Beaufort History Museum is taking a deep dive into headlines from Beaufort newspapers from the late 1800s to the early twentieth century. These weekly postings will highlight the storiesBeaufortonians were buzzing about in yesteryear.
Let's go back to 1903 and revisit this Beaufort Gazette reporter's account of a live-fire target practice conducted from Fort Fremont on Saint Helena Island. The reporter describes the exercise and its results in detail of what would have been an example of state-of-the-art, turn-of-the-20th century coastal artillery technology.
Our followers should note that the new Fort Fremont History Center is planned to open on November 9, 2021 and will tell the story of this unique example of a Spanish American War Era fortification listed on the National Register of Historic Places.
Fire was a constant threat in twentieth century Beaufort, as shown in this Beaufort Gazette headline from January 24, 1907. Portions of the story are not as legible as we would like, but copies made from microfilm of a paper printed 114 years ago have their limitations.
One of the most celebrated personalities in Washington was Alice Roosevelt, daughter of President and Mrs. Theodore Roosevelt. News of her wedding was carried around the world, including Beaufort, as this February 22, 1906 Beaufort Gazette headline confirms. Because of limitations in photography, several photos referenced in the article could not be reproduced on microfilm.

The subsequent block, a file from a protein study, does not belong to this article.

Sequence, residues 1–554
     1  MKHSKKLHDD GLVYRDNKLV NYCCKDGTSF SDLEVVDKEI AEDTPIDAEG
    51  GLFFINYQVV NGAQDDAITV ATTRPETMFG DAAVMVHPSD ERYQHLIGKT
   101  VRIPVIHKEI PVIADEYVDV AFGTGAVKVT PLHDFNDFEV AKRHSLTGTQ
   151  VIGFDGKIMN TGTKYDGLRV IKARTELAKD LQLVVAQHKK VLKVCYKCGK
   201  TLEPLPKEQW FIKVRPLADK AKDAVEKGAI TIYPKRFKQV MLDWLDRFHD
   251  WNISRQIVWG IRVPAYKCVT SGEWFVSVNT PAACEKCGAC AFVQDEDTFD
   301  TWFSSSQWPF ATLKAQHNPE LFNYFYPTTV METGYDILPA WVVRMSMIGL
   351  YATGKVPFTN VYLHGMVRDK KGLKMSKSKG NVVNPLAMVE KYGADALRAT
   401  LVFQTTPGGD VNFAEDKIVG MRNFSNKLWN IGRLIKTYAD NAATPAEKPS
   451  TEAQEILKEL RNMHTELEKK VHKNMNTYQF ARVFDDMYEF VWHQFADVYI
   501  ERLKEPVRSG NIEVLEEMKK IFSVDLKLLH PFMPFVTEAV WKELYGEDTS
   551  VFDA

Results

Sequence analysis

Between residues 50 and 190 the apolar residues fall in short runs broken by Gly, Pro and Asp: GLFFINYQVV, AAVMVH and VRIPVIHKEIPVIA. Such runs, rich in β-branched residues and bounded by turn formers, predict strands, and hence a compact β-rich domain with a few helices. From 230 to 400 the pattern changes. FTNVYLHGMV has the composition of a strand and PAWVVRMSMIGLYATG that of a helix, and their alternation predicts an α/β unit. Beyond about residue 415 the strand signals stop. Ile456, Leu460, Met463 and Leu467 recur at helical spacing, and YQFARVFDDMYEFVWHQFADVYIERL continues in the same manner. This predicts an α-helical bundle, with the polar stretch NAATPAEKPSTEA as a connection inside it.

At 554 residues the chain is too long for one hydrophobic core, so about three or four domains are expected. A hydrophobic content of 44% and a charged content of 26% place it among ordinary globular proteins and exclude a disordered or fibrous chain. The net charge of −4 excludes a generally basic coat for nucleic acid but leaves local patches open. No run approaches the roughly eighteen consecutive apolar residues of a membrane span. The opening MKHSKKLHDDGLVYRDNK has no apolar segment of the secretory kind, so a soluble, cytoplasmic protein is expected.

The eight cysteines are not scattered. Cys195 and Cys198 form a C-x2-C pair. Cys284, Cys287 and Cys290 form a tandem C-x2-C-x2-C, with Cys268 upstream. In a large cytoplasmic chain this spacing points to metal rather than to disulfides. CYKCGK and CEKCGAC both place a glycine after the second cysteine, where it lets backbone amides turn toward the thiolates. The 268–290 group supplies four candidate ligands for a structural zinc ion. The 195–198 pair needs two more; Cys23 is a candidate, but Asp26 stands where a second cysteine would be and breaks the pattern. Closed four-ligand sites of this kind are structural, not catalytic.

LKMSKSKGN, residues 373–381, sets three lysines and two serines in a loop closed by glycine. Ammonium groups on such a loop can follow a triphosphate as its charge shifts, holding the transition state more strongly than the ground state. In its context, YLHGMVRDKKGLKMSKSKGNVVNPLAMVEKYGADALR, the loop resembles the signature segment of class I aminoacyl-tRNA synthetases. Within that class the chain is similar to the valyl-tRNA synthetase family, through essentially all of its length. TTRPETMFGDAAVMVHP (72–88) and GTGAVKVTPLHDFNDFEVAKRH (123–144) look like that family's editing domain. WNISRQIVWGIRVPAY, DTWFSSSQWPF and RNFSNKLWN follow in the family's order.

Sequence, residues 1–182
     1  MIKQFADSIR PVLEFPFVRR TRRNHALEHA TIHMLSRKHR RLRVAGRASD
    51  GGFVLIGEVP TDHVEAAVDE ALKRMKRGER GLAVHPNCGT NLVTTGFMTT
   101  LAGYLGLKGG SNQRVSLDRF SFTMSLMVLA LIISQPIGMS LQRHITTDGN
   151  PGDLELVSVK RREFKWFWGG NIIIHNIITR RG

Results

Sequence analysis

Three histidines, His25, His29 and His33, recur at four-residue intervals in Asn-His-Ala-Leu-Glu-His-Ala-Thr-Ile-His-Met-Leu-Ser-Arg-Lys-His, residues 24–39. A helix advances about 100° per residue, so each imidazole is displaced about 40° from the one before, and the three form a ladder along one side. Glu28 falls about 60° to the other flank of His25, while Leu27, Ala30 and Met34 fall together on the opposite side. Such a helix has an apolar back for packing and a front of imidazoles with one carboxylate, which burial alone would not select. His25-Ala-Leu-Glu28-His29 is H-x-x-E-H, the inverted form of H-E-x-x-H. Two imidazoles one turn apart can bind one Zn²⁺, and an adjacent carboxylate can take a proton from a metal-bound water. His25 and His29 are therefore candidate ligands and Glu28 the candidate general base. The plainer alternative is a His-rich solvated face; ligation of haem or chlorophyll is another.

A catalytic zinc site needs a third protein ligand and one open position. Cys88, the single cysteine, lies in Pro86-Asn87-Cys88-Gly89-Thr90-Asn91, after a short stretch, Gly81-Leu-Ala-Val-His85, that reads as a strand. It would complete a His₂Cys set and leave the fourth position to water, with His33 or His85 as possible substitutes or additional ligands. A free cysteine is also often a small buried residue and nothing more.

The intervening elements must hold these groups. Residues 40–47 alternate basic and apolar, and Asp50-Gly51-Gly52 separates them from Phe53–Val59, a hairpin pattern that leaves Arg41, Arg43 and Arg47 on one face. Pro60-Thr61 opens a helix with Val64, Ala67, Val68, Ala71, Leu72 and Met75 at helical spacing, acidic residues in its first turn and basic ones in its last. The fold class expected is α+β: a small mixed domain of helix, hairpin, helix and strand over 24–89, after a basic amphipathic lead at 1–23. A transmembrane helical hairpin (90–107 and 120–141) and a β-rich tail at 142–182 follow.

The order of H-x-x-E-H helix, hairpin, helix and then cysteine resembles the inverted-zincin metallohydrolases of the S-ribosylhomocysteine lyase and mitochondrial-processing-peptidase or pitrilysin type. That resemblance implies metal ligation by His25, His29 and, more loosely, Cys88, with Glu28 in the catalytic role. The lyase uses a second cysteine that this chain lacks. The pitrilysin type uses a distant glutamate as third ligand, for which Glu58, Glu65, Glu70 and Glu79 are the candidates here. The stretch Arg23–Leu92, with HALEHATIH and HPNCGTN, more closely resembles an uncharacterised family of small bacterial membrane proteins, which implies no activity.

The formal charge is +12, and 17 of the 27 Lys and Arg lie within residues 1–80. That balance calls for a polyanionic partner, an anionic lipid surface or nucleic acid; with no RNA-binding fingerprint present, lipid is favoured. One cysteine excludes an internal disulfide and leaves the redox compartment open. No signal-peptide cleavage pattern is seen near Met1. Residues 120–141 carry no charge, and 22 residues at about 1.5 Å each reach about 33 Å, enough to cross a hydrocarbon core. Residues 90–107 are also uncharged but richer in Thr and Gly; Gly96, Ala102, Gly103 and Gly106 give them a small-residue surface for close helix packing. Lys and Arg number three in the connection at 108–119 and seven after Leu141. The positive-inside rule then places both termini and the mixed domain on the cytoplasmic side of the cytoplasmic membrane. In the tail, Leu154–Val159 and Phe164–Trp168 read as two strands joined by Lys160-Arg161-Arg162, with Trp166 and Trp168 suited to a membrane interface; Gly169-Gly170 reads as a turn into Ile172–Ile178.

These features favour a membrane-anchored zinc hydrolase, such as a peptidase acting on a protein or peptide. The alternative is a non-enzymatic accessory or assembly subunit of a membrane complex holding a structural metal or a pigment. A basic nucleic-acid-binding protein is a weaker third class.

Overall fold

It must have been a slow news day in Beaufort, because the Gazette’s front page lacked any headline and this piece reprinted from the Florence Times, “Troubles of an Editor,” made the front page. Niels Christensen, Jr., the Gazette’s editor, must have known those troubles, but he had no way of knowing that a few hundred miles to the north, in Kitty Hawk, N.C., one of the most important news stories in history was unfolding as Orville Wright flew 120 feet in the first powered flight in history.
As we prepare to celebrate Christmas, let's see how Santa did it in the Beaufort County Democrat over a century ago. Not a flat screen TV nor cell phone in sight. Ho-ho-ho! And Merry Christmas from the Beaufort History Museum.
Who needs I-95 when a shell road is good enough for automobiles? This February 17, 1911, article from the County Democrat crows about Beaufort's superior roads, built at a cost that today probably wouldn't fund a single guard rail on the interstate.